A duty is owed to employees7 and those working for or performing services for the organisation (this captures the situation where a self-employed person is killed whilst working on behalf of an organisation). A duty is also owed by occupiers of premises8 - on the basis that an occupier has to have regard for the health and safety of those in, passing through or even passing outside their premises (e.g. the gargoyle falling from the older building onto an unsuspecting passer-by). A further duty is also owed by those who might be affected by the organisation's activities generally9 - the supply of services, construction and maintenance, other commercial activity and machinery and vehicles.10


A public authority is excluded from owing a duty of care, for the purposes of the Act, in relation to decisions on matters of public policy, particularly in respect of the allocation of resources11. This is likely to give rise to some outcomes the public might regard as surprising. For example, how would a decision to provide a particular treatment – benefiting some, at the expense of others (who then die) compare to the decision not to allocate money for cleaning wards – resulting in the advance of the superbug, clostridium difficile?

The first would be classed as a decision on a matter of public policy and therefore would not attract a relevant duty of care, the second would be classed as the management of a budget and not fall within the exemption. In the latter example, the relevant duty of care would have already have been owed to patients (occupiers of premises and possibly the supply of services) i.e. the duty of care does not arise from the decision itself.

The Ministry of Defence is exempted for owing a duty of care to the armed forces when they come under attack or face resistance in relation to military operations/peacekeeping mission – and in relation to training for such operations12.

The duty of care ordinarily owed by the police and law enforcement agencies as employers or occupiers of premises is suspended when they are dealing with terrorism or when they, in any event, come under attack13. This would mean that a badly organised police response to, for example, violence at a football match which resulted in an officer's death would not attract liability under the Act. Nor do they owe a duty of care to members of the public when carrying out policing activities. Thus even if a member of the public is killed because of a grossly negligent act of a police force, no liability attaches under this Act.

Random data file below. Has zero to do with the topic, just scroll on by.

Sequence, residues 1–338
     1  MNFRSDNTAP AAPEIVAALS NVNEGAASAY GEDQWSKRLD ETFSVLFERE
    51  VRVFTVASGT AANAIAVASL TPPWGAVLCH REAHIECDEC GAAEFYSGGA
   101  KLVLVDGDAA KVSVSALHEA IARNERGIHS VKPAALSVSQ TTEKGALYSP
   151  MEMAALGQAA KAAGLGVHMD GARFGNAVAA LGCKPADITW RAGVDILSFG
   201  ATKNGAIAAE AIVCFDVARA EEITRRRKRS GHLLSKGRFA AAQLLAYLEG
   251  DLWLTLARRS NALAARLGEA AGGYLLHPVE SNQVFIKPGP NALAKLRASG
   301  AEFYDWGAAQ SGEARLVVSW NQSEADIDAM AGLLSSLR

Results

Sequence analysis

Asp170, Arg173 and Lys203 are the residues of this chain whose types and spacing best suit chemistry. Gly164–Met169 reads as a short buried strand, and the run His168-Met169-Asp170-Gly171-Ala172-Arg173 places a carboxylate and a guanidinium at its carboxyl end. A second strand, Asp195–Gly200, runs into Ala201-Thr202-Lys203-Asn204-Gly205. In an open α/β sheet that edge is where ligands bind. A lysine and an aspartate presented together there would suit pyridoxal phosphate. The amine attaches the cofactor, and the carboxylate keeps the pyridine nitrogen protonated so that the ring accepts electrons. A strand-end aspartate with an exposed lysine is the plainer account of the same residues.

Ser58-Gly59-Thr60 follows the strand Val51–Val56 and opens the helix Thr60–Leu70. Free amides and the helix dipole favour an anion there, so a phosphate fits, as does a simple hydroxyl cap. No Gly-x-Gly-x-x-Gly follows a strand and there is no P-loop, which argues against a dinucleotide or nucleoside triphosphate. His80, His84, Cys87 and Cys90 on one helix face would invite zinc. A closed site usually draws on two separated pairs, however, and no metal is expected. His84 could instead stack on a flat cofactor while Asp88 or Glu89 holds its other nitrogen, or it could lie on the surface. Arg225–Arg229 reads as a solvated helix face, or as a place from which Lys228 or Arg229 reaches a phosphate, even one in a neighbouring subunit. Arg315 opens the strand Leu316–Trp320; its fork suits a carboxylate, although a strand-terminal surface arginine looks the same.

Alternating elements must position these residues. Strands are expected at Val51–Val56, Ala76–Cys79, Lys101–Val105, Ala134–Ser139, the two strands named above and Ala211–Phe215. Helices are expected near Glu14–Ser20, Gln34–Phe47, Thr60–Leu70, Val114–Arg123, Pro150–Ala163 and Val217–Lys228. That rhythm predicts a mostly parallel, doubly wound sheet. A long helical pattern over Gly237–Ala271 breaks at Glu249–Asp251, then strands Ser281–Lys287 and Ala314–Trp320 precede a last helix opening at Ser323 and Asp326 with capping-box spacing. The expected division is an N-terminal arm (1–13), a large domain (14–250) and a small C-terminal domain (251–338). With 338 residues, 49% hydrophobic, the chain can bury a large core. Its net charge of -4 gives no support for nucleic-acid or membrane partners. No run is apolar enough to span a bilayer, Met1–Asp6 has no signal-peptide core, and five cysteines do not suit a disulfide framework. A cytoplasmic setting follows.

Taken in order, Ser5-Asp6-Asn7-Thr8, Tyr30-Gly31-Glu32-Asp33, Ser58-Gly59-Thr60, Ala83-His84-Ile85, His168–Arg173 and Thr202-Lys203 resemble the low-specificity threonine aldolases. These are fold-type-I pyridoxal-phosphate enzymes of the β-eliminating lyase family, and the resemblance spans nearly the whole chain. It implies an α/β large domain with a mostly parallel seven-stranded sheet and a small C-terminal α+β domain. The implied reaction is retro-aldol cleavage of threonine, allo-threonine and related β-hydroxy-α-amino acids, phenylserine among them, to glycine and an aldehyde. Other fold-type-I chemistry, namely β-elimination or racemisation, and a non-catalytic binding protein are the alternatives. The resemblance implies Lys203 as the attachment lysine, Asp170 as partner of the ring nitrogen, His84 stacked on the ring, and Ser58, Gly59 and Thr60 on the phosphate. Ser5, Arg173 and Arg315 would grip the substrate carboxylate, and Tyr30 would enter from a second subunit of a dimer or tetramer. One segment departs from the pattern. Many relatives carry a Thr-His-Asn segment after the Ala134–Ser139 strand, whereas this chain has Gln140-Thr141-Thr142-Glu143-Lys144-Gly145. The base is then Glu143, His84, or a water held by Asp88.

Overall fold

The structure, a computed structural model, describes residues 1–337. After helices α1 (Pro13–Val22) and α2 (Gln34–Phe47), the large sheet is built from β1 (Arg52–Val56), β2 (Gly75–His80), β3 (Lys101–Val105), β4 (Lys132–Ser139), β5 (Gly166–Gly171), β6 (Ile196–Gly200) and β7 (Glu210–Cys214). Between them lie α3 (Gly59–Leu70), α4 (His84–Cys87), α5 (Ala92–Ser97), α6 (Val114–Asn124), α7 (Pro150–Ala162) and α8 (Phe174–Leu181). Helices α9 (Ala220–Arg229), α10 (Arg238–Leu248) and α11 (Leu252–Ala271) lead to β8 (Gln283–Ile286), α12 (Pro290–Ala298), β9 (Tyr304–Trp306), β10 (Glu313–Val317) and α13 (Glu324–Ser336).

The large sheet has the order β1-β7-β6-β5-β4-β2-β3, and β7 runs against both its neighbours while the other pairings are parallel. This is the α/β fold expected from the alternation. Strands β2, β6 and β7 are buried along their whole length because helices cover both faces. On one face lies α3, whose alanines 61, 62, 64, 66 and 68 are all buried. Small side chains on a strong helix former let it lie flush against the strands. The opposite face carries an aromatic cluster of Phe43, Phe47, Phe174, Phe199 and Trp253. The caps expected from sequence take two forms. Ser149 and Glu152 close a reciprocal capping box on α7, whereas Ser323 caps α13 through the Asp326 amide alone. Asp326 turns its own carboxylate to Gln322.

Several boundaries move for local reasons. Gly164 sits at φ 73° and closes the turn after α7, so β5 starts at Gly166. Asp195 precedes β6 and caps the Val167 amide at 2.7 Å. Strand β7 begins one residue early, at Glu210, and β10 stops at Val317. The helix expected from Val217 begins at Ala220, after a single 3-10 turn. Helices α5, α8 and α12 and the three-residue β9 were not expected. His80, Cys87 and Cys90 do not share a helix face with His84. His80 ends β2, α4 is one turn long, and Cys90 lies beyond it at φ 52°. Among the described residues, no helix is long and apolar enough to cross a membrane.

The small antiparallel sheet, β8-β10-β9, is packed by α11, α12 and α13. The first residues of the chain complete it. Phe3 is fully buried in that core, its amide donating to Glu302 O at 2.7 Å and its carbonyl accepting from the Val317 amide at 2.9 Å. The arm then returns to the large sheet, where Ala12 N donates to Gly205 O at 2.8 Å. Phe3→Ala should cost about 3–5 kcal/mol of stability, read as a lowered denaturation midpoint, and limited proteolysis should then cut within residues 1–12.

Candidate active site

A further exemption relates to the way in which the fire and ambulance services and the NHS respond to emergencies14, which causes other dichotomies in the application of the Act.

Even in relation to an emergency, a relevant duty of care is still owed to an employee – so if a member of the public and an employee died in the same set of circumstances a relevant duty would be owed to one and potentially not the other by virtue of the Act. A relevant duty of care to a patient would not be held to exist if the ambulance broke down on the way to an accident – having not been properly maintained – and somebody died at the scene. Likewise, if the ambulance did turn up (in time) and a decision was made to treat those with minor injuries as opposed to the individual with the severed artery – no relevant duty of care flows from that decision, as the order in which patients are treated is exempt under the Act. However, the exemption does not extend to the way in which medical treatment is carried out – and therefore the provision of unsuitable or ill-trained paramedics could potentially give rise to a relevant duty of care in connection with the supply of services15.

Gross breach

As indicated above, the Act was intended to deal only with the "worst instances of failure across an organisation to manage health and safety properly16". In order to pitch the offence at what they perceived to be the correct level, Parliament appears to have borrowed the wording from traffic law17for what would amount to a gross breach and imported the notion of a breach of duty which "falls far below what can reasonably be expected of the organisation in the circumstances."18

What the concept of "far below" might mean in the context of the Act is vague and in practice it remains to be seen how this will be interpreted. The question of whether there has been a gross breach of duty is a matter for the jury to decide. Section 8 of the Act sets out what factors the jury will consider in reaching their decision. The jury must consider whether the evidence shows that the organisation failed to comply with health and safety legislation, how serious that failure was and how much of a risk of death it posed. This implies that the jury will need to look at how much of a risk of death the failure to comply posed as opposed to the breach of duty – but is that correct? Since the Act does not assist with the phrase "how much of a risk of death it posed" – is it safe to assume this will be interpreted as "a serious and obvious risk of death"19?